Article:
An ambitious librarian: Colin Steele reflects on 70 years of loving books

Over a distinguished career, retired librarian and booklover Colin Steele AM FAHA has seen libraries grow and change. Now, almost fifty years since he joined the Australian National University, he reflects on the ambitions of libraries of the past and present, and what our institutions might look like in the future.

Emeritus Fellow Colin Steele speaks at Llewellyn Hall on 13 September 2023. Photo: Tracey Nearmy/ANU

‘It was books before everything else,’ Colin Steele AM FAHA says as he overlooks the Chifley Library at the Australian National University. The library houses notable collections of social sciences and humanities research—a collection Colin built meticulously during his time as University Librarian.

‘And it’s all still about books. Everything I do is because of books. Growing up, my Aunt was the Chair of the Library Committee in Hartlepool, England, and I became the school librarian at the local grammar school and then Hall Librarian at the University of Liverpool. So, from the beginning, books were always a part of my life.’

It’s not an understatement to say Colin is a great champion of literature. We’d met the night before at a Meet the Author event at the Australian National University for Karen Viggers’ latest novel, Sidelines—it sold out 140 copies.

It’s a testament to the success of the Meet the Author series, which Colin established in 1986, and partners with Australian National University and the Canberra Times to deliver.

Bringing big authors to Canberra

With over 750 Meet the Author events under his belt, Colin has welcomed standouts like former Prime Minister of Australia Kevin Rudd, Behrouz Boochani FAHA, Bryce Courtenay, Stan Grant, and Trent Dalton—but there are authors he’d still love to host.

A Court of Thorns and Roses is the first book in Sarah J. Maas’ long-running fantasy series about a young woman who accidentally stumbles into the world of faerie. Credit: Bloomsbury Publishing.

‘Have you heard of Sarah J Maas?’ he asks.

At first, I’m not sure I’ve heard him correctly. Maas writes uber-popular high fantasy novels about princes, assassins and fairies behaving badly. Her books sell millions, and she has a legion of fans, many of whom credit her for giving them the ‘reading bug’. How is it that someone like Colin Steele, the lofty librarian with 50 years’ experience, is also into Maas?

Colin has reviewed Science Fiction and Fantasy for over five decades. In 2005, he donated his large Science Fiction and Fantasy collection to the Fisher Library at Sydney University.

He reflects on Maas, ‘I think she’s just incredible in how she reaches an audience. She’s one of those authors who’s all over TikTok and it’s great to see people pick up her books and begin to love reading.’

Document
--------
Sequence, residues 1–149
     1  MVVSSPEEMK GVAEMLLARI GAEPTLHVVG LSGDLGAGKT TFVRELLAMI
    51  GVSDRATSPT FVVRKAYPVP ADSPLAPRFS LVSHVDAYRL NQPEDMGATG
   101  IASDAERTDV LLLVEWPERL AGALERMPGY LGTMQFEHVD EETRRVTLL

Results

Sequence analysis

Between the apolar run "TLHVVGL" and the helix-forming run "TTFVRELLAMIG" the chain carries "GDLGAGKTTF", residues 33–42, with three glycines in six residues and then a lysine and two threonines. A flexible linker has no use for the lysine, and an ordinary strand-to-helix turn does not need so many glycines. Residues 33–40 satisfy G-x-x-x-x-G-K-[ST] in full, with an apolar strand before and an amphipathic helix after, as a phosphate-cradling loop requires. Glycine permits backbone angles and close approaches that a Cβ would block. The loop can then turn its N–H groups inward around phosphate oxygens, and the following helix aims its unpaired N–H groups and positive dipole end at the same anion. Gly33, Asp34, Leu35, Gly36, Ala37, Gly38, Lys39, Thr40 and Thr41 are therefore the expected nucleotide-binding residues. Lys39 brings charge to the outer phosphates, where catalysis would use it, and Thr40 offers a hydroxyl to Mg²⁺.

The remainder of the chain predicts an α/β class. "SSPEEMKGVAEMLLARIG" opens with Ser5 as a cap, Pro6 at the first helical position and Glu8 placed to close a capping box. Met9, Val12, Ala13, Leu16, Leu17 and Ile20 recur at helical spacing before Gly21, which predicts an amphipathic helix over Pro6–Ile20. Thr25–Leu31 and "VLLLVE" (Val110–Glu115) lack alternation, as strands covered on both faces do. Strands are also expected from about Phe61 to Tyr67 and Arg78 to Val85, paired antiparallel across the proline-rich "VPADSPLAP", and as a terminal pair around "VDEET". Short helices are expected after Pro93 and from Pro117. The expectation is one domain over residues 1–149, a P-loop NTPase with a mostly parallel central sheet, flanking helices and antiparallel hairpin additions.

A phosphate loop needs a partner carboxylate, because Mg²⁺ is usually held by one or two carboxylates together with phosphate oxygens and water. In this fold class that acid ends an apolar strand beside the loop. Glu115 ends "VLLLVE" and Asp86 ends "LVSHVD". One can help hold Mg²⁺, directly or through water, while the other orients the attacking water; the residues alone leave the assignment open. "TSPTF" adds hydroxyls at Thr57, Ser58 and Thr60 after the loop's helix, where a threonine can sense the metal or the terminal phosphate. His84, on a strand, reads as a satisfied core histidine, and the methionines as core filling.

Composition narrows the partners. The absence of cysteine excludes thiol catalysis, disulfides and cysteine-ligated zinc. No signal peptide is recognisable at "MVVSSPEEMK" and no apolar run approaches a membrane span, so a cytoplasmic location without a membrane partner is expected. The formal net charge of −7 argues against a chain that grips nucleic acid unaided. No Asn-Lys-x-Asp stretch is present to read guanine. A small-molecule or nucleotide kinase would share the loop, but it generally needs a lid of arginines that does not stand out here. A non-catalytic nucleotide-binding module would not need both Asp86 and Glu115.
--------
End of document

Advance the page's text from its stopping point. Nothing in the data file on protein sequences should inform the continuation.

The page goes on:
It’s clear that seeing people revel in books, either in-person or online, brings Colin unparalleled joy — the same joy spurred him to pursue a career in librarianship.

The shifting landscapes of libraries

Colin grew up in Hartlepool, England and graduated in 1965 with honours from Liverpool University, specialising in Latin American and North American history. Colin’s postgraduate degree in Library and Information Studies at the University College, London specialised in Latin American bibliography.

He joined the Bodleian Library at the University of Oxford as a trained librarian, at a time when the majority of librarians were established scholars.

‘It used to be in Bodley that there were very few professional librarians they were all academics—but now we see very few scholar librarians in University libraries. 

‘I think it’s important to have a balance. It helps us appreciate academia better, and to serve students and researchers better. We are perhaps seeing more scholarly librarians in state and national universities than we are in universities, and I think that’s a shame.’

After holding positions at the Bodleian Library at the University of Oxford, Colin moved to Australia o to take up a role as Deputy Librarian at the Australian National University.

Under his leadership, the library passed one million, then two million physical books. He launched the first library website in Australia, the first digital repository and the first University e-Press. In recognition of these pioneering efforts, the library was awarded the national VALA for innovation in computing and networking in 1994.

A digital revolution

Before I sat down with Colin, I sent him an excerpt of former Academy President, Emeritus Professor Ian Donaldson’s 1989 speech, Cuts, crises, and departing kisses: The future of research in the humanities, which touched Sir Redmond Barry’s ‘ambitions’ of a public library in 1854.

Sir Redmond Barry’s ambitions for Melbourne University, for the National Gallery of Victoria, and for the Melbourne Public Library (for example) were on the grandest scale. He intended the Melbourne Public Library to be one of the great libraries in the world, second only to the British Museum, the design of whose Reading Room Barry deliberately emulated, ensuring that the Melbourne cupola was, significantly, slightly higher than that of the British Museum and higher also than the Pantheon.